But here’s one thing admissions officers can say for sure: if you write that you’re “excited to attend collage,” you’re application is going in the “thanks but no thanks” pile (unless you’re applying to an art school and really do look forward to enrolling in Collage 101, of course). In a process full of subjective decisions, admissions officers will use whatever objective data they can get, and there’s nothing more objective than a spelling or grammar mistake.

As with so many other personal statement pitfalls, the easy solution is just to get another set of eyes on what you’ve written. Don’t just trust spellcheck – it couldn’t tell you the difference between writing an essay and righting an essay!

7.  Send the Same Personal Statement to All Your Schools

Colleges routinely send the same form letters to hundreds of applicants, but woe be to any applicant who tries to send the some essays to all the colleges s/he is applying to!

The common app essays, of course, are a welcome exception to this rule, but any time you have to write something for a specific school, you want to make that school feel special! Sending the same essays to all your schools is like giving all your friends and family members the same birthday present – it seems efficient in the short-term, but it will bring you a world of hurt in the long run.

You don’t have to rewrite your personal statement from scratch for every school you’re courting, but you do want to tailor it to each institution’s unique values, thinking about why you’re applying to that school in particular and what they’re looking for in students.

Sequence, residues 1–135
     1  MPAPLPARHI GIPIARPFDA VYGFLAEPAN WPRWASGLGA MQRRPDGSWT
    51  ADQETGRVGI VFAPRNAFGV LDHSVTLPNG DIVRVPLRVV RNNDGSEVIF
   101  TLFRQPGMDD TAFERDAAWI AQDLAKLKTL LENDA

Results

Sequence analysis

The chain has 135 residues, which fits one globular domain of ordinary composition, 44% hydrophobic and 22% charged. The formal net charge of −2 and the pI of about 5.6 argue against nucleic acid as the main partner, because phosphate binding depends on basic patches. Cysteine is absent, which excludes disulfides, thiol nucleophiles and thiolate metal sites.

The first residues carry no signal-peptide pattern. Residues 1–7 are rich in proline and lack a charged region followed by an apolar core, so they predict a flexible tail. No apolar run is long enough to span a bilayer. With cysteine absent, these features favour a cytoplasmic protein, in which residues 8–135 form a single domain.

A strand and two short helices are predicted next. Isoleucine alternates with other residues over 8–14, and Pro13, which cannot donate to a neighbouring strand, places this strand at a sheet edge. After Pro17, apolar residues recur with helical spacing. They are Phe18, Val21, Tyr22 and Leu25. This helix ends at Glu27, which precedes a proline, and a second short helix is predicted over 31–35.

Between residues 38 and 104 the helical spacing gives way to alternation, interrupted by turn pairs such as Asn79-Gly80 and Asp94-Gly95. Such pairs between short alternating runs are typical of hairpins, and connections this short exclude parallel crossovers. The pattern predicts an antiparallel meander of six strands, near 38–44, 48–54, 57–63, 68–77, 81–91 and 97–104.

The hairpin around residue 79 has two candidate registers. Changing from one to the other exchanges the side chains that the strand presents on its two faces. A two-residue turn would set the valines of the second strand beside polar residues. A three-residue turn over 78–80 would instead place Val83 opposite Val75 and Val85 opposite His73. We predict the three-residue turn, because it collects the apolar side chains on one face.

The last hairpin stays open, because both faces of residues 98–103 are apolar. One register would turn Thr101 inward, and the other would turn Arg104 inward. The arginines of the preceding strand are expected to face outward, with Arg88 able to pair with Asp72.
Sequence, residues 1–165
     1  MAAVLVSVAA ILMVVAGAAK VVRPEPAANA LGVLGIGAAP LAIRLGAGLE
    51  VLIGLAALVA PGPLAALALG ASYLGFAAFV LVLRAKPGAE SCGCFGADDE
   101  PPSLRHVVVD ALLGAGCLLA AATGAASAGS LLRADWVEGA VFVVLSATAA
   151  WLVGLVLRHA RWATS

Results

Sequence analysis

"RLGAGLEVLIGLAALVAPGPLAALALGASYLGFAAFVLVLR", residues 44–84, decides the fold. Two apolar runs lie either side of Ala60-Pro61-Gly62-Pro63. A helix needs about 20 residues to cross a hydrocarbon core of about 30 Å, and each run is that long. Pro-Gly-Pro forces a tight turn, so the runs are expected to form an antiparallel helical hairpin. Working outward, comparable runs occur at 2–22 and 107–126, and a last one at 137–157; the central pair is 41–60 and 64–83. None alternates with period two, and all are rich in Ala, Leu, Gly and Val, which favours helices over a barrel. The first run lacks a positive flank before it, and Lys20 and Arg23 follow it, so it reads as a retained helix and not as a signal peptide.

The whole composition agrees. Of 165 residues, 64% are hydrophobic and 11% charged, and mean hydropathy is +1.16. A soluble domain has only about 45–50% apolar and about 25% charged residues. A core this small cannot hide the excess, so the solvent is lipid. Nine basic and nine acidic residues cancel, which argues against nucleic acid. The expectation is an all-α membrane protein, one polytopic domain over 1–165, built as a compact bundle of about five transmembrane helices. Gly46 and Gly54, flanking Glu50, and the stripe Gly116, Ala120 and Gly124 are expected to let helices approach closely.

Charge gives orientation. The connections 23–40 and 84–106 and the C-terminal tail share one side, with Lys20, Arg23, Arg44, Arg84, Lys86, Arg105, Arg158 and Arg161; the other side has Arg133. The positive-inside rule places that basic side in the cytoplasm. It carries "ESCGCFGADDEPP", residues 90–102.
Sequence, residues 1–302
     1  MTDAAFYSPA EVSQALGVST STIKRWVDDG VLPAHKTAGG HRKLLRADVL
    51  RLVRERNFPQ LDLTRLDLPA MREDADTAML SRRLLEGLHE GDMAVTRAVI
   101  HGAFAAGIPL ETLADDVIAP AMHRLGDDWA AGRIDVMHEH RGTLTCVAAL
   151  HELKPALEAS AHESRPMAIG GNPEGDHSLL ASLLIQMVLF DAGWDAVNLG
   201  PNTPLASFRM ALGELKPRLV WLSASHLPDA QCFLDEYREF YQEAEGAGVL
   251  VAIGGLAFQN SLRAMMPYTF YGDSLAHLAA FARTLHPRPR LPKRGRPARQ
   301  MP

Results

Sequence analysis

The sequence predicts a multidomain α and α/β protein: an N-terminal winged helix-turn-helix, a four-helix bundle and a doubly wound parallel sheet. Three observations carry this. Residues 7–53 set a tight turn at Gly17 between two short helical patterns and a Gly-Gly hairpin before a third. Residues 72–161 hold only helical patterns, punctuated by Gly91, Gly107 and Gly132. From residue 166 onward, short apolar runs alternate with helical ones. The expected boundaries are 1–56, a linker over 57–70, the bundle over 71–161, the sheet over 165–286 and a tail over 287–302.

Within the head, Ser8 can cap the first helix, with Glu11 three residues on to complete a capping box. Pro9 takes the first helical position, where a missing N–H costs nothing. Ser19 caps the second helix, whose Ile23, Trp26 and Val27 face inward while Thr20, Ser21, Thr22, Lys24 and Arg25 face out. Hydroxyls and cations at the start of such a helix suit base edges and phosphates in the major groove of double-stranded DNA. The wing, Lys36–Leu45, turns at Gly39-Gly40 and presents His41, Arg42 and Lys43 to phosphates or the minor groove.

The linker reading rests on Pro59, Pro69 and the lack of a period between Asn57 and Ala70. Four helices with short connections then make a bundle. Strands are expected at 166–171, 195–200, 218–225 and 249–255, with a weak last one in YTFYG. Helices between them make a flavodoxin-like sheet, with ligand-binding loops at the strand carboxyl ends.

8.  Just Restate Your Resume

Coming up with a catchy idea for a personal statement is hard work. Sometimes when you’re sitting there in a room with just the blank page in front of you, it can seem downright impossible.

So you might be tempted to take the easy way out by basically reiterating the accomplishments listed on your resume: “I worked hard and got a 4.0. I’m so good at basketball they made me captain of the team when I was a sophomore. I’m also a National Merit Scholar.”

This approach is literally equivalent to turning in a blank personal statement. You’ve added nothing to your application, and by missing a chance to tell admissions officers about that unique spark that makes you you, you’ve actually subtracted something from your application in a big way.

If you find yourself feeling uninspired when you sit down to craft your personal statement, there are a lot of things you can do to get the ideas flowing: think about what you love. Think about what you’re most proud of. Think about the biggest challenges you’ve had in your life. Ask your friends and family members how they’d describe you. Force yourself to brainstorm a list of 100 personal statement ideas, no matter how bad they are.

But don’t go for the easy option by just rehashing your resume. Because if you do, there’s another option that’s even easier and will get you the same result in the end: ripping your application into tiny pieces and throwing it in the trash.

All these examples of how not to write a personal statement might give the impression that there are a lot of rules you have to follow when you sit down to tell colleges about who you are, but your personal statement is in fact the most open-ended part of the college application process. Ultimately, all you really have to do is be yourself, be your best self and try to have a little fun along the way – after all, you don’t want to churn out an essay so dull that you inspire your admissions officer to take their afternoon nap ahead of schedule.

So just relax, write what comes to mind, watch out for these common pitfalls, have someone read over your essay – and you’ll be sure to get into your dream school. Well, actually, statistically, you’ll probably still get rejected. But at least you’ll have a fighting chance!

By Niels V.